The Bank of Japan’s looser grip on benchmark 10-year yields is starting to shake up the outlook for short-term borrowing costs, with swaps traders betting that the central bank will end the world’s last negative interest rate policy in as little as eight months.
(Bloomberg) — The Bank of Japan’s looser grip on benchmark 10-year yields is starting to shake up the outlook for short-term borrowing costs, with swaps traders betting that the central bank will end the world’s last negative interest rate policy in as little as eight months.
This signals a profound change for investors in Japanese markets, which have labored under the policy since early 2016, when former governor Haruhiko Kuroda doubled down on a zero rates regime that had been in place on-and-off since 1999.
After years of being wrong-footed by the BOJ, investors aren’t taking its new chief Kazuo Ueda and his board at their word. Wagers on the demise of negative rates have been brought forward to March next year from July. Overnight indexed swaps suggest the short-term policy rate may rise above 0.1% by the end of September 2024.
While the central bank indicated that its surprise move to give 10-year rates room to rise to 1% was designed to make yield-curve control more flexible, managing this process may force it to make purchases that sap liquidity and distort the market. This contradiction undermines its argument in the eyes of some investors, who see policy makers under pressure to raise rates as inflation starts to take hold in Japan.
An end of the negative rate policy would likely support the beleaguered yen, and also ease financial burdens on commercial banks, which have to pay interest to the BOJ when parking excess funds there. It would also complement the shift higher in yields on longer-term Japanese government bonds, which increases the incentive for the nation’s large institutional investors to sell assets such as US Treasuries and bring more funds home.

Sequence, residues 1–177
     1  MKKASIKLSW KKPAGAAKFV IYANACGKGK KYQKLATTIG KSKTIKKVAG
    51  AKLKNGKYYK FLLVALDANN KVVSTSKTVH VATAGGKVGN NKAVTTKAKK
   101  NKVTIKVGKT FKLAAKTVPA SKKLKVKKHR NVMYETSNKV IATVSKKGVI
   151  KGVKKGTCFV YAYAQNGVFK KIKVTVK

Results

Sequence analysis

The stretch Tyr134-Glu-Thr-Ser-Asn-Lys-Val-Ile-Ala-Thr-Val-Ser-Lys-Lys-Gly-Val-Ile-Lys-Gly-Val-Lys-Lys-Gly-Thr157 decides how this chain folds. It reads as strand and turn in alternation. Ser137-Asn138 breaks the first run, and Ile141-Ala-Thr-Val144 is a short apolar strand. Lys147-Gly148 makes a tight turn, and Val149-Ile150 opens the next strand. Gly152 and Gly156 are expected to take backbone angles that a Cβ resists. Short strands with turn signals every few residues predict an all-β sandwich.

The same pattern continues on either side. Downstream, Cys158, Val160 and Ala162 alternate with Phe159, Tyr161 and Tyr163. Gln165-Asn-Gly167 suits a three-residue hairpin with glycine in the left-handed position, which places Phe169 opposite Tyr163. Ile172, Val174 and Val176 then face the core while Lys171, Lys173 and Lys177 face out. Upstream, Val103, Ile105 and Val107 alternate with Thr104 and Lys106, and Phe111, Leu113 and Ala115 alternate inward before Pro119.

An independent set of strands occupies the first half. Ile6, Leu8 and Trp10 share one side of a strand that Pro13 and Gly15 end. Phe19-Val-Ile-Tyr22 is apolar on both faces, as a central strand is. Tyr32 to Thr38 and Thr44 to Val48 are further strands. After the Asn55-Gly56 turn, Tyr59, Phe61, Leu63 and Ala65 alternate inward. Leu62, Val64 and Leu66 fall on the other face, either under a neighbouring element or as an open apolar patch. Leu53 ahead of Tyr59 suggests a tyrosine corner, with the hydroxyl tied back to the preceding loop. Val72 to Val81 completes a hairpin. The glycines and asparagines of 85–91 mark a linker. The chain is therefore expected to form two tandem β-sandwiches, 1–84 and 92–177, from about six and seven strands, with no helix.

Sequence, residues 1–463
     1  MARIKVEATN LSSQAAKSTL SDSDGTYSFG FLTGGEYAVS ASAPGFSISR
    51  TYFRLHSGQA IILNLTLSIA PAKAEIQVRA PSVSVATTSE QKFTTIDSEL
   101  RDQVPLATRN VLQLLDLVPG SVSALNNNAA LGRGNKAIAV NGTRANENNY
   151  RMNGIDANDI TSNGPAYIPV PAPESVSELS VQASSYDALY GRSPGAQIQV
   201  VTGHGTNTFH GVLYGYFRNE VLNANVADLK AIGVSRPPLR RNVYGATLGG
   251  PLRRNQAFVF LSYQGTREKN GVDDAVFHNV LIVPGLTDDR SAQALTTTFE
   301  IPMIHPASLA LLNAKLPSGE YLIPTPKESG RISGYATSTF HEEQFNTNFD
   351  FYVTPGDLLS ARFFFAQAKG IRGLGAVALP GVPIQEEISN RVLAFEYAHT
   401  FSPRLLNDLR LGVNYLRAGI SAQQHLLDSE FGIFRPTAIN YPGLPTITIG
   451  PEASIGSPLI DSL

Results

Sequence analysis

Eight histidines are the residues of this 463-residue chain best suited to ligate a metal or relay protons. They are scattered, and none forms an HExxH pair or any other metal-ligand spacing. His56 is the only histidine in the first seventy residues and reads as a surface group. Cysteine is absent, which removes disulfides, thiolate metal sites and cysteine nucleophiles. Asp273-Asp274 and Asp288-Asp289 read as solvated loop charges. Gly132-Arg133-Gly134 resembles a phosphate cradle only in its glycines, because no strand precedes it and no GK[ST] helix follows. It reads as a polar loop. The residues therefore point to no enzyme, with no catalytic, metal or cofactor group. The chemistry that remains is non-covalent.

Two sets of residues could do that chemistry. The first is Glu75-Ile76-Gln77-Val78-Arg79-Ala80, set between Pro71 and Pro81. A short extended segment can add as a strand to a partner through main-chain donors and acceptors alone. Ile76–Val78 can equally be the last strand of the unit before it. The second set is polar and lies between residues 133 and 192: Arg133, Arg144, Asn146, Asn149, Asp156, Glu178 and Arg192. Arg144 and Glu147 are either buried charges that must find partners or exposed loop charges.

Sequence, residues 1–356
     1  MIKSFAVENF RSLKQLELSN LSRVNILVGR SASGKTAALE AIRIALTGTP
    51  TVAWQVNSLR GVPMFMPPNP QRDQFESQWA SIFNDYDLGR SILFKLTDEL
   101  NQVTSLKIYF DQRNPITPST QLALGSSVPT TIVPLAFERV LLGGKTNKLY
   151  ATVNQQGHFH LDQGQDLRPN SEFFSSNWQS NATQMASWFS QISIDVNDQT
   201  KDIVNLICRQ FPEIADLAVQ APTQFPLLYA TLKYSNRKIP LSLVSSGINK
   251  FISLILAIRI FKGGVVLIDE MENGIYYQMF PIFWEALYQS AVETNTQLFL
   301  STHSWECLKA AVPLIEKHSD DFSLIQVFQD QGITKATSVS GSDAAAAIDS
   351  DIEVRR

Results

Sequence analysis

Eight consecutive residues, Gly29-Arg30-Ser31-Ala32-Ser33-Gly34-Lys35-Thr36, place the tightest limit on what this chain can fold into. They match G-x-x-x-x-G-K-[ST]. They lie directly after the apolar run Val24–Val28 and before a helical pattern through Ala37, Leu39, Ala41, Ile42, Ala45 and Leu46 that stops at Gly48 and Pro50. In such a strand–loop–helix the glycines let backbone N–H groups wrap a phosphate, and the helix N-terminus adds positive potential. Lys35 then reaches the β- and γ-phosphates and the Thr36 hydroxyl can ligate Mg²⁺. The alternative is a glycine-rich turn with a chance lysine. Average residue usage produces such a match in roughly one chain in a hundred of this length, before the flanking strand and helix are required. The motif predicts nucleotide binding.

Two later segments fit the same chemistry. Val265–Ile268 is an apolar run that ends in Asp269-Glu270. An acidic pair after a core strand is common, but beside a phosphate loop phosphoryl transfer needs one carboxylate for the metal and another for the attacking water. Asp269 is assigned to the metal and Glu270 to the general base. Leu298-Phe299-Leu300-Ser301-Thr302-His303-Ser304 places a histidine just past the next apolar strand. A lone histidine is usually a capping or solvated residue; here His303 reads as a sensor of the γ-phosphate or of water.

“As 10-year yields get freed up, market participants are gradually shifting focus to short rates,” said Eugene Leow, fixed-income strategist in Singapore at DBS Bank Ltd. “The focus on short rates is a natural progression once YCC gets dismantled, something that might take place in 2024.”
Ueda has said the adjustment made on July 28 isn’t a move toward ending YCC, and Deputy Governor Shinichi Uchida has indicated that the BOJ is still far from raising its negative interest rate. But Leow said the market is skeptical and clearly sees policy as moving in that direction.
The 10-year yield climbed to 0.655% last week, the highest since 2014, with the central bank forced to intervene twice with unscheduled bond-buying to curb the speed of the moves. The rate on 30-year debt, which Japanese life insurance companies typically hold, reached a near seven-month high of 1.63% last week.
Investors continue to hedge against further gains in 10-year yields, with overnight indexed swaps for this maturity standing at 0.76%. That’s about 15 basis points higher than the yield on the benchmark bond, though still below the BOJ’s new effective ceiling of 1%.
Investors have also been bidding up the stocks of commercial banks since Ueda’s tweak on expectations that margins on lending will widen as rates rise. A gauge of equities in the sector up about 4% since the day before the change, versus a small decline in the broader Topix index.
Online lender Rakuten Bank Ltd. said a rise in short-term rates would have an immediate benefit for its business, given that many of the loans and other assets on its books have adjustable rates.
“So for us, the end of the negative interest rate policy means a big increase in profits,” said Chief Executive Officer Hiroyuki Nagai, adding that he considers his business to be better positioned than its rivals.
“We have penciled in the possibility that the BOJ will raise the policy-rate balance rate from minus 0.1% to zero by the end of this year, if not then early next year,” said Frances Cheung, a rates strategist at Oversea-Chinese Banking Corp. in Singapore. “The negative-rate policy may no longer be appropriate given the inflation backdrop.”
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